Pesky O’Connor was in the blue paint, careful as not to obstruct Gibson, but just annoyingly enough to bang the rebound in. It was O’Connor’s fourth goal of the season. Nathan MacKinnon earned his 500th career assist on the play.
“It’s big,” Bednar said of the accomplishment. “In a game like this, when there’s new players coming in every year and everyone has these expectations for him, whenever you can live up to expectations or exceed expectations, it’s pretty phenomenal. I think he’s done that.”
O’Connor’s promotion to the top line with Drouin and MacKinnon was a good fit.
“[MacKinnon] plays a bit of a different game in regards to speed. It feels like everything is in fast forward a little bit. But I feel as though my skating can help with that and … help him make plays down there. At the end of the day, my job is to get them the puck.”
Bednar corroborated the puck retrieval skills too.
“We tried to put some pairs together (of) offensive guys (and) I tried to put a worker that could establish a forecheck and come up with some pucks as their third guy.”
At 10:13, Radko Gudas took a tripping penalty and the Avs went to work on the powerplay.
Rantanen carried the puck through the neutral zone and Brett Leason made the initial poke check to work the puck off his stick. He almost retrieved it back, but Sam Carrick came in to collect it and skated it in on the breakaway. He wristed it over Georgiev’s glove.
A few minutes later, Fredrik Olofsson was whistled for tripping Leo Carlsson. Kurtis MacDermid had a problem with this and roughed up Carlsson after the fact.
MacDermid and Olofsson went to the box and the Avs had to defend on a five-on-three.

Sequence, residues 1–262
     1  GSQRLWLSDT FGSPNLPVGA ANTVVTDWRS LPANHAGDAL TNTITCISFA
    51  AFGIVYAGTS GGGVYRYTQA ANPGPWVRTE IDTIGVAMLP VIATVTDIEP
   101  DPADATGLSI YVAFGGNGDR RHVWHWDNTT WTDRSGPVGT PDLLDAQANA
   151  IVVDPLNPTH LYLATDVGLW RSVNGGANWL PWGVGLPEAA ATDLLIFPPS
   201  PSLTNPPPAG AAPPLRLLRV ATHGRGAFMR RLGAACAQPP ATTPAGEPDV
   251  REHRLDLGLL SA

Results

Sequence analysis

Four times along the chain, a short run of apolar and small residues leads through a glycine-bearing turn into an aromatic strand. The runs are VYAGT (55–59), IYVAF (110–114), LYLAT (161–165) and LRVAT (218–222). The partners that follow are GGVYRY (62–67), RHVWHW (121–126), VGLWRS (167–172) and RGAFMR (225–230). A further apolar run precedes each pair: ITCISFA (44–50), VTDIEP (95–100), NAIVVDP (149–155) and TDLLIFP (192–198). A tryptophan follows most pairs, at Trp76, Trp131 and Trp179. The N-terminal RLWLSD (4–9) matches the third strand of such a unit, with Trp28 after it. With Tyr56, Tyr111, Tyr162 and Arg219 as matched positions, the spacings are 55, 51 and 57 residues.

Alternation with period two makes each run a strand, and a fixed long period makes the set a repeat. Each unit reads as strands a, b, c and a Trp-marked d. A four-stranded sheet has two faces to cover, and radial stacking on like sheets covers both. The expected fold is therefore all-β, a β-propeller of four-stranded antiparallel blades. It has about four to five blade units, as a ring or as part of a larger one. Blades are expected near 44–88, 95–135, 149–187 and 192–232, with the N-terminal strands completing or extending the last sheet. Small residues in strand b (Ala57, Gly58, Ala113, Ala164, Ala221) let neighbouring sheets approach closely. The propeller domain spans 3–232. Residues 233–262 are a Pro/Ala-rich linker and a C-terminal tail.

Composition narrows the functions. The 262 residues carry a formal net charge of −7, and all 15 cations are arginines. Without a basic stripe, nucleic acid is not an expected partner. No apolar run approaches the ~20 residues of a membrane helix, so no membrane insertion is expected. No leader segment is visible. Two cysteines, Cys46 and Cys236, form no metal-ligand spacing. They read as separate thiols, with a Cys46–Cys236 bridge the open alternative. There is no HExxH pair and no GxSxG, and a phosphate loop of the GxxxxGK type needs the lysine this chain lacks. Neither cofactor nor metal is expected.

Almost a minute in, Carlsson had his revenge. The Ducks cycled the puck on the powerplay. Troy Terry fed Carlsson whose one-timer whipped around the boards. Cam Fowler reset and passed to Terry. The completed a similar play and Terry’s cross-slot pass found Carlsson again. This time Carlsson wristed it backdoor and in.
Now a one-goal game, the Avs received a bit of luck. The Ducks were called for too many men on the ice shortly after, and the Avs had the man-advantage.
With that added boost, they kept the Ducks at bay and secured the victory.
Georgiev’s strong play in net kept them safe and contributions from the newly formed top line were key.
Georgiev finished with 31 saves on 33 shots, including eleven of twelve saves on medium-to-high danger chances.
MacKinnon’s three-point night was more like what we’ve grown accustomed to and he unlocked a career milestone in the process.
“We still let them back in the game a little bit there, but at the end of the day, we were still able to close it out,” O’Connor said. “[Georgiev] made the saves when we needed him to. All the lines were really contributing in different ways, coming wave after wave, the forecheck was good. We still have to focus on closing games out a little bit – not allowing teams to breathe and continue to suffocate them in the right end of the ice.”
For the Avs to pull out the win with such a blended lineup is a nice accomplishment.
“There’s some things that I liked and some of them weren’t really surprises to me,” Bednar said in his evaluation of all the different looks. “You never know until you try and you don’t want to be afraid as a coach to try new things. But, you also want to be able to stick with things that are working and looking good. It gives the players time to gel and try and go from good to great. When you get in situations like tonight, it’s an ideal opportunity for a coach to be able to mix things up and see what you like.
We know that we have a really good third line, for example, with Wood, Colton, and O’Connor, and we’ll go back to that. We will. But to see them with other players and see how they can complement one another and fit in different roles – that’s what part of the regular season is for.”
Bednar was encouraged that Makar would be available soon and Nichushkin’s illness almost made him an option tonight, so reinforcements are on the way.
The Avs are back in Ball Arena tomorrow for practice and return again on Thursday for their matchup against the Winnipeg Jets. Division points and home ice advantage acclaim are on the line.